A broken wrist or Colles' fracture can be a painful and scary experience. It may be difficult for you to use your hand and arm to perform basic functions like dressing, feeding yourself, or brushing your hair. You may be unable to perform your job or engage in recreational activities. Your physical therapist can help you improve your functional mobility to be sure you can quickly and safely return to normal activity.

2 Sources
Verywell Health uses only high-quality sources, including peer-reviewed studies, to support the facts within our articles. Read our editorial process to learn more about how we fact-check and keep our content accurate, reliable, and trustworthy.
  1. Habeebullah A, Vasiljevic A, Abdulla M. Evidence-based review of Colles’ fractureTrauma. 2015;17(3):191-200. doi:10.1177/1460408614561174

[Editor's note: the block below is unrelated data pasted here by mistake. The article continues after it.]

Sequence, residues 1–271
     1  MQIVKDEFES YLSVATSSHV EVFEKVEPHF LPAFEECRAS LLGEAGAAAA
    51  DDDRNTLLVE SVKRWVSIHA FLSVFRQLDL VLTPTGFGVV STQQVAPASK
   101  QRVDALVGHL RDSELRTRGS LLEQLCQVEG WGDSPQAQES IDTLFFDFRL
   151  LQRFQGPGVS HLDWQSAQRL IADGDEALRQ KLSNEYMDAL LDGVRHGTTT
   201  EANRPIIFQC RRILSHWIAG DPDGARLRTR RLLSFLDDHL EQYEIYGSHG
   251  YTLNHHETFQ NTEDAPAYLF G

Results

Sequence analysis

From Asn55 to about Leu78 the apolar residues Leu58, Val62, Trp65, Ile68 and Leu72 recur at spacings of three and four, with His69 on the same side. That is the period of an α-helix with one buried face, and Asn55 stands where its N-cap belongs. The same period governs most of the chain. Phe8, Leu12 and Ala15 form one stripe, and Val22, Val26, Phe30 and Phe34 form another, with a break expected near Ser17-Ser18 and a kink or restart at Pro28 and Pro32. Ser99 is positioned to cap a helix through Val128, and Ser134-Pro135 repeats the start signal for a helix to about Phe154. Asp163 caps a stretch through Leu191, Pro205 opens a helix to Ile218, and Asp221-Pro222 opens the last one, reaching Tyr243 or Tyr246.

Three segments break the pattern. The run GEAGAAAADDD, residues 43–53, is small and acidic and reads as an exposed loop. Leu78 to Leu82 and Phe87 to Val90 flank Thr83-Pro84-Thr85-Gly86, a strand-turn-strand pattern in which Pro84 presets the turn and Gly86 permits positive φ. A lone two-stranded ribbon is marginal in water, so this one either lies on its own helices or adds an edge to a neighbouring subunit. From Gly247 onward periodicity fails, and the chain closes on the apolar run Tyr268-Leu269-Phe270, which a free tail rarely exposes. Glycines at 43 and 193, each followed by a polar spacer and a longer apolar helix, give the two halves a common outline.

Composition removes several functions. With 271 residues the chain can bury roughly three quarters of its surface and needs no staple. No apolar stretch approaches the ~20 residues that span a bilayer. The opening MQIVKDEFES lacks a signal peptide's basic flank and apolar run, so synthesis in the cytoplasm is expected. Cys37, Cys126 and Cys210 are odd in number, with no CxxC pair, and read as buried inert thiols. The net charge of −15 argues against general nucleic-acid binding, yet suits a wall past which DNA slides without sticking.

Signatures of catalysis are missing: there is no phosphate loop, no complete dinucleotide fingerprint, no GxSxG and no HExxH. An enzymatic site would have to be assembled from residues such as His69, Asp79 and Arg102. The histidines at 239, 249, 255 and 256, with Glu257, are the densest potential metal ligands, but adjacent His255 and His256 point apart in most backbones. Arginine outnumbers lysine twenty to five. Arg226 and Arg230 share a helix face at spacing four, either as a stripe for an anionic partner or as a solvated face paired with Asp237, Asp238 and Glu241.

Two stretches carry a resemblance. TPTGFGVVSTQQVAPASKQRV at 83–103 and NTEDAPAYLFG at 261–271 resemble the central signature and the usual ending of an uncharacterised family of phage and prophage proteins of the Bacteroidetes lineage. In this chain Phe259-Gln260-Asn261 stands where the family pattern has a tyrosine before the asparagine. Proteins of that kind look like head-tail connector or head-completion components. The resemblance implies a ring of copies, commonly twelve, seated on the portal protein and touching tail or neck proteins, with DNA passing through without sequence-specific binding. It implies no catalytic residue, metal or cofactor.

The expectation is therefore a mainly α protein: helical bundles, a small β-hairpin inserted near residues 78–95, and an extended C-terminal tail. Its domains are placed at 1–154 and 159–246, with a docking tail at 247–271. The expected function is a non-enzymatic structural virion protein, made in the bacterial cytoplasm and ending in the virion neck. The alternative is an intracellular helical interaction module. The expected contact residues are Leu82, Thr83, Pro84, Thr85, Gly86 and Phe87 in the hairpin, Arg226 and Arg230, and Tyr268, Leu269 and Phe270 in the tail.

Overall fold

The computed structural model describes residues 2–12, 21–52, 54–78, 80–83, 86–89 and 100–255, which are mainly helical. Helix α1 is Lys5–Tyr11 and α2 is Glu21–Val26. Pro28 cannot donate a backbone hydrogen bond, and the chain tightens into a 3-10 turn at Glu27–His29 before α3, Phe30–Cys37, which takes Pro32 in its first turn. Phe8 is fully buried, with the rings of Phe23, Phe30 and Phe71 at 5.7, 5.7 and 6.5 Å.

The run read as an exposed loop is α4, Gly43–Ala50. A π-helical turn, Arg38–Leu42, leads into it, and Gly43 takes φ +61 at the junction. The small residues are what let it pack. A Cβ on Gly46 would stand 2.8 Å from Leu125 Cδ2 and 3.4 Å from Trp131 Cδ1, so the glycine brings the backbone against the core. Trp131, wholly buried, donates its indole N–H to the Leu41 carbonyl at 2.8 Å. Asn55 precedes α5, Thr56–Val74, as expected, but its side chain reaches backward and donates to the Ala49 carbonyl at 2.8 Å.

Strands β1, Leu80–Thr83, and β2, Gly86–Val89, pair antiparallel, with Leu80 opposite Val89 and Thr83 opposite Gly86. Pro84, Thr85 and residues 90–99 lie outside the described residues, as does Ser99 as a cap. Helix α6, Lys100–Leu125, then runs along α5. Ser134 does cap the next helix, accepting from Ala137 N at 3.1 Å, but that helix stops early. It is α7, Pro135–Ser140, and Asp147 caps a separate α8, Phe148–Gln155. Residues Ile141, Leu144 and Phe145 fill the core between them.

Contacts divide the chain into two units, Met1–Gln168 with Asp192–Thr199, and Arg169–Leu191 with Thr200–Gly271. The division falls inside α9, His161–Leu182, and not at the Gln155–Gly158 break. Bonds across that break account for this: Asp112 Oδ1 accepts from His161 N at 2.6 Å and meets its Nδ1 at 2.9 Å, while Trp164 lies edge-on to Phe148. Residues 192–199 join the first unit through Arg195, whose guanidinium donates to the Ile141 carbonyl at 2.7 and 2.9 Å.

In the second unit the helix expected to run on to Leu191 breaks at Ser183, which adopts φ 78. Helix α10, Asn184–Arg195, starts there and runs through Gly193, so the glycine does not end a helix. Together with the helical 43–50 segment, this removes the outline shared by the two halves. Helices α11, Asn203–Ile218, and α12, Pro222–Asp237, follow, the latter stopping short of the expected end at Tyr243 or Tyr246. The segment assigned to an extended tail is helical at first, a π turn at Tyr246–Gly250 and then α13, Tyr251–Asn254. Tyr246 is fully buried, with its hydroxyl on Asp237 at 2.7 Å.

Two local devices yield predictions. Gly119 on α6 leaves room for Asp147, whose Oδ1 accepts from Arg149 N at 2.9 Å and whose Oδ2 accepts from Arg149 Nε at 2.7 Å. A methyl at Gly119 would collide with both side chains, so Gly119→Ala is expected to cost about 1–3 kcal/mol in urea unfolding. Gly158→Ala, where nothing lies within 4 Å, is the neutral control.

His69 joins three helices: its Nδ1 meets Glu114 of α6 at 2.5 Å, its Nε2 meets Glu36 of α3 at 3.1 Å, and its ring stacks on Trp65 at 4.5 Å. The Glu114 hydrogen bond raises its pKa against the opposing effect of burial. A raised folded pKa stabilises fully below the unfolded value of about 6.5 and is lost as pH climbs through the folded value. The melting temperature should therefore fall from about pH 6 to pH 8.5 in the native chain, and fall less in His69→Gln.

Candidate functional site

2. Proubasta IR, Lamas CG, Natera L, Arriaga N. Delayed rupture of all finger flexor tendons (Excluding thumb) following nonoperative treatment of Colles’ fracture: A case report and literature reviewJournal of Orthopaedics. 2015;12:S65-S68. doi:10.1016/j.jor.2014.06.012

Additional Reading
  • Hertling. , & Kessler, R. (2005). Management of common musculoskeletal disorders: physical therapy principles and methods. (4 ed.) Lippincott Williams and Wilkins.

By Brett Sears, PT
Brett Sears, PT, MDT, is a physical therapist with over 20 years of experience in orthopedic and hospital-based therapy.